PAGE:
Article | Published:

Maternal and pediatric nutrition

IGF-I and IGFBP-3 concentrations at 2 years: associations with anthropometry and milk consumption in an Indian cohort

European Journal of Clinical Nutritionvolume 72pages564571 (2018) | Download Citation

Abstract

Background/objectives

To ascertain associations between plasma insulin-like growth factor I (IGF-I), insulin-like growth factor-binding protein 3 (IGFBP-3) and their molar ratio at 2 y with neonatal size, infant growth, body composition at 2 y, and feeding practices in an Indian cohort.

Subjects/methods

A cohort of 209 newborns, with 122 followed at 2 y. Anthropometry was conducted at birth and 2 y. IGF-I and IGFBP-3 concentrations were measured in cord blood and at 2 y. Maternal and child diet was assessed by food frequency questionnaires and maternal interviews. Multivariate regression was used to test for associations adjusting for confounding factors.

Results

Mean 2 y plasma IGF-I and IGFBP-3 concentrations and IGF-I/IGFBP-3 were 49.4 ng/ml (95% CI: 44.1, 54.8), 1953.8 ng/ml (CI: 1870.6, 2036.9) ng/ml, and 0.088 (CI: 0.081, 0.095), respectively. IGF-I and IGF-I/IGFBP-3 were positively associated with current length, but not body mass index or adiposity. IGF-I was higher among those with greater change in length since birth. IGF-I concentrations were higher in children who drank the most milk (>500 vs. <250 ml per day: 65.6 vs. 42.8 ng/ml, p < 0.04), received other milk <6 months compared to ≥6 months (56.3 vs. 44.8 ng/ml, p < 0.05), and in those whose mothers consumed milk daily vs. less frequently in late pregnancy (56.4 vs. 42.7 ng/ml, p < 0.01). In multivariate regression, 2 y IGF-I concentration and IGF-I/IGFBP-3 were each positively associated with current length and milk intake. IGFBP-3 was not related to anthropometry or milk intake.

Conclusions

Plasma IGF-I concentrations and IGF-I/IGFBP-3 at 2 y are positively associated with length at 2 y and current milk intake.

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Acknowledgements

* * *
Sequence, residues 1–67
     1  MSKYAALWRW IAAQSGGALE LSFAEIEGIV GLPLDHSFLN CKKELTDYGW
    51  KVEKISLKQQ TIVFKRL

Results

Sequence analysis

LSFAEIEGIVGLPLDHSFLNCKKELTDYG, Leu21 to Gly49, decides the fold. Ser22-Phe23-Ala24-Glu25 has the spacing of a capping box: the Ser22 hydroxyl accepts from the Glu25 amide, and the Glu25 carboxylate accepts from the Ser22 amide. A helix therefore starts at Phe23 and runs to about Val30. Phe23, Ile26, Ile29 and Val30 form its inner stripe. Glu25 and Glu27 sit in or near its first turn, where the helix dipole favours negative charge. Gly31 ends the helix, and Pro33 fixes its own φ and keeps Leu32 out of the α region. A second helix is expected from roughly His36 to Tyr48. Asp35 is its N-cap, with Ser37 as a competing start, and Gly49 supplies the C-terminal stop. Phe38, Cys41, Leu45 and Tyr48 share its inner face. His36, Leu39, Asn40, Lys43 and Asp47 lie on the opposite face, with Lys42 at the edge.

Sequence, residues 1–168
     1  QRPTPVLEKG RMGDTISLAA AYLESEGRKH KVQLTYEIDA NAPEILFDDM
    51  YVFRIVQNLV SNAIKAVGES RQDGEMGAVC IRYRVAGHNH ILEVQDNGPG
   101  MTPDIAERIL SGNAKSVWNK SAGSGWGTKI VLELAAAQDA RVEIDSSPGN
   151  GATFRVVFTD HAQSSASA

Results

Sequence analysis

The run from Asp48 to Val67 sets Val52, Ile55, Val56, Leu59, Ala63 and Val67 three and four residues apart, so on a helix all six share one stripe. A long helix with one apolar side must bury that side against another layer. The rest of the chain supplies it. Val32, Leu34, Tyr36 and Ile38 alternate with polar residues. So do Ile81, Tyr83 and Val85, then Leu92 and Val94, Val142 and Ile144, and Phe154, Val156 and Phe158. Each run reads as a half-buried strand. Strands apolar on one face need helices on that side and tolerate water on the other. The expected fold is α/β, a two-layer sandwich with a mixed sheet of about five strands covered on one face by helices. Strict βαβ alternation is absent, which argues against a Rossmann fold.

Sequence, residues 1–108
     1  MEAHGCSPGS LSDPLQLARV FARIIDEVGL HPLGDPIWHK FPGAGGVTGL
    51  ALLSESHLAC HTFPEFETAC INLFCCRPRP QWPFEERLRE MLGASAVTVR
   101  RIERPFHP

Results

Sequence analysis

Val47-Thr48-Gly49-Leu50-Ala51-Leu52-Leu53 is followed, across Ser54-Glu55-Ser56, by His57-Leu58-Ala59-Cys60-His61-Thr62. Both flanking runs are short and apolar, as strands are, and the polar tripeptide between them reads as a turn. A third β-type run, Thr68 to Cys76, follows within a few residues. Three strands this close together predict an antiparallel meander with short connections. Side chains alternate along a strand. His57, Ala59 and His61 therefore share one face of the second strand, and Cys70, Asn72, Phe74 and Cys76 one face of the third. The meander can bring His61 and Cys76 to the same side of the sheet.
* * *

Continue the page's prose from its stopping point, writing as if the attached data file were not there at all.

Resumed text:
We are grateful to Lalita Ramdas, who provided logistical support for data collection.

Funding

The study was funded by the International Atomic Energy Agency (IAEA). Analysis of IGF-I was funded by Indiana University.

Author contributions

CSY designed research; HGL, DSB, NSM, and DAR conducted research; ASW provided IGF-I analysis kits; ASW and SMJ analyzed data; ASW wrote paper; ASW, SMJ, and CSY had primary responsibility for the final content. ASW and CSY have equal authorship status.

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Affiliations

  1. Anthropology Department and Human Biology Program, Indiana University, Bloomington, IN, USA

    • Andrea S. Wiley
  2. Kamalanayan Bajaj Diabetology Research Centre, KEM Hospital Research Centre, KEM Hospital, 6th floor Banoo Coyaji Building, Rasta Peth, Sardar Moodliar Road, Pune, 411011, Maharashtra, India

    • Suyog M Joshi
    • , Himangi G. Lubree
    • , Dattatray S. Bhat
    • , Neelam S. Memane
    • , Deepa A. Raut
    •  & Chittaranjan S. Yajnik

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Conflict of interest

The authors declare that they have no conflict of interest.

Ethics

The study was approved by the KEM Hospital Research Centre Ethics Committee, Pune, India and informed written consent was obtained from mothers in the study. Analysis of the umbilical cord and 2-y blood samples for IGF-I concentration was approved by the Institutional Review Board at Indiana University, Bloomington, IN, USA.

Corresponding author

Correspondence to Andrea S. Wiley.

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DOI

https://doi.org/10.1038/s41430-018-0108-z